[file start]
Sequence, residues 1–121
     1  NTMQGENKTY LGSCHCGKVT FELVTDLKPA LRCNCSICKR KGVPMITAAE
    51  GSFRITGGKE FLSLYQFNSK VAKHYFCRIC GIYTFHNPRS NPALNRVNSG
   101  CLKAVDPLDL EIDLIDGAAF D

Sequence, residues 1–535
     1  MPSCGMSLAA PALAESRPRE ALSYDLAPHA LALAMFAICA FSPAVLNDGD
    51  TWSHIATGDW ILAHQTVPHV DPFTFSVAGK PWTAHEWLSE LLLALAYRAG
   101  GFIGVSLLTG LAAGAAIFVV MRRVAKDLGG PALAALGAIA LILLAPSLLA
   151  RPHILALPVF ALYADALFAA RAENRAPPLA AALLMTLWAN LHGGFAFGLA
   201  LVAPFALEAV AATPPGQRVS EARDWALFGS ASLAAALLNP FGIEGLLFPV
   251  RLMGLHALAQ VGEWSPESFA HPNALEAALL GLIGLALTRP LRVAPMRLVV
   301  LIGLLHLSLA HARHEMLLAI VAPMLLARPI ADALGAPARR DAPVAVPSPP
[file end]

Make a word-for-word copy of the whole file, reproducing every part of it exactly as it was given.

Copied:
Sequence, residues 1–121
     1  NTMQGENKTY LGSCHCGKVT FELVTDLKPA LRCNCSICKR KGVPMITAAE
    51  GSFRITGGKE FLSLYQFNSK VAKHYFCRIC GIYTFHNPRS NPALNRVNSG
   101  CLKAVDPLDL EIDLIDGAAF D

Sequence, residues 1–535
     1  MPSCGMSLAA PALAESRPRE ALSYDLAPHA LALAMFAICA FSPAVLNDGD
    51  TWSHIATGDW ILAHQTVPHV DPFTFSVAGK PWTAHEWLSE LLLALAYRAG
   101  GFIGVSLLTG LAAGAAIFVV MRRVAKDLGG PALAALGAIA LILLAPSLLA
   151  RPHILALPVF ALYADALFAA RAENRAPPLA AALLMTLWAN LHGGFAFGLA
   201  LVAPFALEAV AATPPGQRVS EARDWALFGS ASLAAALLNP FGIEGLLFPV
   251  RLMGLHALAQ VGEWSPESFA HPNALEAALL GLIGLALTRP LRVAPMRLVV
   301  LIGLLHLSLA HARHEMLLAI VAPMLLARPI ADALGAPARR DAPVAVPSPP